The manual does warn that if you use too much fuel, or wet fuel, it can cause the stove to put off a lot of smoke, so you would want to make sure you used the right materials.
After flipping the egg and transferring it to a plate to cool, my toddler came over and sat down to help himself.
Then, of course, I had to make one for each of the kids. I think the fact that it was cooked over a cool little stove made the eggs even more appealing to them.
It was surprising how little wood it took, especially when compared to the wood stove inside or a camp fire, (which is typically my emergency backup cooking source):
I thought I’d also try boiling water, to see how quickly it would work and how much wood it would take:
The EcoZoom stove comes with a galvanized steel pot skirt, which wraps around your pot and increases the efficiency of the stove by a stated 25%.
To boil a gallon of water I used 3-4 pieces of wood like you see in the picture (2-3″ wide, about a foot long). It took less than 15 minutes to bring the water to a light boil.
Considering that my flat top stove takes just a little less time than that, I was very pleased with these results.
All in all I really enjoyed cooking over the EcoZoom. There’s so much satisfaction in preparing a meal without paying a dime to the power company.
I wanted to make dinner over it that night, but what I was cooking would have required two stoves (one for boiling water for pasta, and another for frying ground beef and veggies). I was seriously coveting the double burner Zoom Plancha.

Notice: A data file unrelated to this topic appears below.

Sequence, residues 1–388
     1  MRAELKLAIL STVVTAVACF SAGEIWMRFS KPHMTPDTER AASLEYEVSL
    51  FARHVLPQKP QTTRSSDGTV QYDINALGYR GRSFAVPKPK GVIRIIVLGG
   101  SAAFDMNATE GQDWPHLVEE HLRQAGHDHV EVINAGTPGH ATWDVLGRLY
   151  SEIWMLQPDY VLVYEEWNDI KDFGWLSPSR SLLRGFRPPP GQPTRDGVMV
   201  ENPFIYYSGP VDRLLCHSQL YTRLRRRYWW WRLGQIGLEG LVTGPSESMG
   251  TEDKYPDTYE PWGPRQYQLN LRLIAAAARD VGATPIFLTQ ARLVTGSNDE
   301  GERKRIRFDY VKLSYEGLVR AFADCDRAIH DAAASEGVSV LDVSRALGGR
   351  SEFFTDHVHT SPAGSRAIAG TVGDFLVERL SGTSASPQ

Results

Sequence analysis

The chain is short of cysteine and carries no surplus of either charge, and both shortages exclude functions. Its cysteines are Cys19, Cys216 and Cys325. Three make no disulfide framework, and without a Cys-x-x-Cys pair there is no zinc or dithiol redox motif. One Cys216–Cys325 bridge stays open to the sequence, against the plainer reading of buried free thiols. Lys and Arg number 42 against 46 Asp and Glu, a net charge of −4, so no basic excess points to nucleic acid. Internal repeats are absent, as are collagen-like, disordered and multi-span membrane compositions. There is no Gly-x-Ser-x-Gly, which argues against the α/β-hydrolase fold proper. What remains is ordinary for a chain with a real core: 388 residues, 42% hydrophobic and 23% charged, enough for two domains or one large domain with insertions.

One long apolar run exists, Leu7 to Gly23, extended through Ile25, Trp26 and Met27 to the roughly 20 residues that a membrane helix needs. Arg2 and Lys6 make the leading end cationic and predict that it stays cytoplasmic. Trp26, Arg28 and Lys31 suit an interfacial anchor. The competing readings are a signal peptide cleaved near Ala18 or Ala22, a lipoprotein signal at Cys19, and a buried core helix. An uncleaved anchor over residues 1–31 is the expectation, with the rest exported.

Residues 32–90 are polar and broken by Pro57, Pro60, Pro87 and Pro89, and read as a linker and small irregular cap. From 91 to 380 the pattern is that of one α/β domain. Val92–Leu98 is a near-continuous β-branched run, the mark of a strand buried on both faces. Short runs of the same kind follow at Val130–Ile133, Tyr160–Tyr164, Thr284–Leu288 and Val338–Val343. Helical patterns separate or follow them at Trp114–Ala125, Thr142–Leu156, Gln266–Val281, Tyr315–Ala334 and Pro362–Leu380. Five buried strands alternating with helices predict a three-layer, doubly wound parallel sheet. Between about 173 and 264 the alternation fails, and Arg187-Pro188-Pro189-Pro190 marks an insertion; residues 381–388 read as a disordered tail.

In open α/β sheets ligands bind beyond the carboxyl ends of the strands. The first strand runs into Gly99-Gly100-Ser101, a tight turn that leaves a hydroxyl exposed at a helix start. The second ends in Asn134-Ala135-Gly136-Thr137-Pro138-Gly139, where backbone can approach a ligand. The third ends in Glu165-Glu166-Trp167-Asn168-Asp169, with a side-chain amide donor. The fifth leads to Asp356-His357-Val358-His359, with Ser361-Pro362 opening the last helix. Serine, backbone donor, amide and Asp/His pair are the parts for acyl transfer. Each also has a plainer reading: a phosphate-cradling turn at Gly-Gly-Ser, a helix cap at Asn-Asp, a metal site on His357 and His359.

I look forward to experimenting more with this stove, and learning how to be most efficient with the damper doors.
Pros & Cons
There are several factors making EcoZoom Stoves a great alternative cooking option.
- They use very little fuel, and you can scavenge pretty much any dried materials from around the yard to burn in it.
- They’re made with high quality materials, and are designed for everyday use.
- They produce little to no smoke when burning the proper materials.
- They’re small and lightweight enough to transport easily.
- They don’t require any installation or chimney as other stoves do.
- They’re much more efficient than campfire cooking or cooking over a more traditional wood stove.
- They make cooking over a fire easy enough for anyone to do.
As much as I love them, there are a few things to keep in mind when considering an EcoZoom.
- They’re probably too heavy to take with you on a backpacking trip.
- You can’t use them indoors.
- They don’t make a good source of heat (unless you can modify it somehow).
- Not a good option for emergency cooking in bad weather unless you have an open shelter.
- You can only cook one thing at a time, unless you buy the Plancha model.
Wood Heated Hot Water
I was also excited to find out that you can use an EcoZoom stove to create hot water without the use of any electricity. (See video below.)
This might very well be a great option for our off-grid needs.
A city girl learning to homestead on an acre of land in the country. Wife and homeschooling mother of four. Enjoying life, and everything that has to do with self sufficient living.